Southeast Missouri Congressman Jason Smith thinks Democrats must compromise with President Trump to avoid a government shutdown.
“If the Democrats don’t come to the table and help to faithfully show some kind of reasonable compromise, the president will make sure that the government is not open until they come up with a reasonable compromise,” said Smith.
The Republican made the comment as the White House appeared yesterday to back-off the President’s demand for $5 billion to build a border wall. Democrats have proposed to keep funding at current levels of $1.3 billion for border fencing and security measures, but have rejected additional wall.
During Tuesday’s briefing, White House Press Secretary Sarah Huckabee Sanders suggested that Trump doesn’t want to shut down the government. She said the president would consider other options and the administration was looking at ways to find the money elsewhere.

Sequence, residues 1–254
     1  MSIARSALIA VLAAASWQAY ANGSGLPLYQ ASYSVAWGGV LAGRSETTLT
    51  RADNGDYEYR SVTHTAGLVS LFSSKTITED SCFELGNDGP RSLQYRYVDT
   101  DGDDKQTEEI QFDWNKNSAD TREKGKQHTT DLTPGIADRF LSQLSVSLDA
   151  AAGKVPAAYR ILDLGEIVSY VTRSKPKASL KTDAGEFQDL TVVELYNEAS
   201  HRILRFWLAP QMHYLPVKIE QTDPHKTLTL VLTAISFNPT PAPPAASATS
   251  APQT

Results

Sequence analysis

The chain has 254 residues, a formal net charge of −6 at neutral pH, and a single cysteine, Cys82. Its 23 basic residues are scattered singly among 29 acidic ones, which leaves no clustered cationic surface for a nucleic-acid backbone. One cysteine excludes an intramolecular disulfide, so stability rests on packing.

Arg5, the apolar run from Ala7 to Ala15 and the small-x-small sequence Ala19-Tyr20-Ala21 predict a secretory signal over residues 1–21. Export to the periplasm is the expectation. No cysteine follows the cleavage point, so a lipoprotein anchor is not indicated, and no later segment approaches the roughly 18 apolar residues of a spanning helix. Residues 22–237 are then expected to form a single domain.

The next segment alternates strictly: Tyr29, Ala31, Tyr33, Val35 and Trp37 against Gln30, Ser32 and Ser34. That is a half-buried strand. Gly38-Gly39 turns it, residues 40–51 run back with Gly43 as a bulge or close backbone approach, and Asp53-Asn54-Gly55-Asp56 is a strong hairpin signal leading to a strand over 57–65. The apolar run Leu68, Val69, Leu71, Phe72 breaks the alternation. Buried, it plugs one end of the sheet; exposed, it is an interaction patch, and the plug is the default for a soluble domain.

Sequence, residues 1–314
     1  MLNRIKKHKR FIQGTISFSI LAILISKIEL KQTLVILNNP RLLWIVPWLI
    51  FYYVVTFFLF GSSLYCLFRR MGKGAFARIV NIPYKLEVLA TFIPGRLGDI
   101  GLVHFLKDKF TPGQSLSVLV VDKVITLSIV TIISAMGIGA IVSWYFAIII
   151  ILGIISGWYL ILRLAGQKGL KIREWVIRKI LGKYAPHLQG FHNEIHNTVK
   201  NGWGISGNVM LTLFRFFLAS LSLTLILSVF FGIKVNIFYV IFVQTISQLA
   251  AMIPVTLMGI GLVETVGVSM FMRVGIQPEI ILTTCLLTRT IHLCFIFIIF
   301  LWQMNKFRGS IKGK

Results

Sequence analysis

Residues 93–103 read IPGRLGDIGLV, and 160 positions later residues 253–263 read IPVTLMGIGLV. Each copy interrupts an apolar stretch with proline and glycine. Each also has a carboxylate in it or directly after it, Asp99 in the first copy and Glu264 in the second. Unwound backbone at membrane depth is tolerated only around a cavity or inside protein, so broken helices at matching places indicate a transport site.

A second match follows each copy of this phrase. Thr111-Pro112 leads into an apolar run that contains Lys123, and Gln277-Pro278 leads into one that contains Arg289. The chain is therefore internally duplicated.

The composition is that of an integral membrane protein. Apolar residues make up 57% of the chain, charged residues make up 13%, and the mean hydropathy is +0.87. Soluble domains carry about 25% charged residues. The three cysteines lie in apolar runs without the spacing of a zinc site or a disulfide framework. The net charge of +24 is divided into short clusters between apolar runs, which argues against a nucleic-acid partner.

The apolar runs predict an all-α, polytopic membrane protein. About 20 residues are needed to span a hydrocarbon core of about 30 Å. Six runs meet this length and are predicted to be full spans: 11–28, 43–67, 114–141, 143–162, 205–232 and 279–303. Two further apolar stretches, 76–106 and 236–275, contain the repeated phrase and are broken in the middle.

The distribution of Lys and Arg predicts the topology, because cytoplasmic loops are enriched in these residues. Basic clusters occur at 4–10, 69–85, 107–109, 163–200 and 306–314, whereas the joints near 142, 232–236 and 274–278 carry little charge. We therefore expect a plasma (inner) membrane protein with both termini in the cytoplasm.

Congressman Smith thinks Democrats have a responsibility to compromise after the White House has offered to explore alternatives to a shutdown.
“Government is, you are trying to reach an agreement,” Smith said. “It’s not an all or nothing approach. You have to find some kind of common ground.”
Last week, Trump took a much harder line as he told Democratic leaders in a televised meeting he was willing to shut down the government over the border issue, saying he would be “proud” to do so.
The Democratic leaders, likely House Speaker Nancy Pelosi, and Senate Minority Leader Chuck Schumer have made it clear they are not interested in funding Trump’s border wall.
If a funding agreement is not reached, more than 800,000 government workers could be temporarily laid off or forced to work without pay beginning at midnight Friday, which would disrupt government operations days before Christmas.
Republican leaders have hinted they are willing to keep funding at current levels into the new year.
Alabama Republican Richard Shelby, who chairs the Senate Appropriations Committee, said late yesterday that he was crafting a bill that would keep short-term funding in place into February.
Senate Majority Leader Mitch McConnell yesterday said he was confident there would not be a government shutdown, stating that a stopgap measure could be approved.
(Congressman Smith’s comment were provided by KFVS-TV)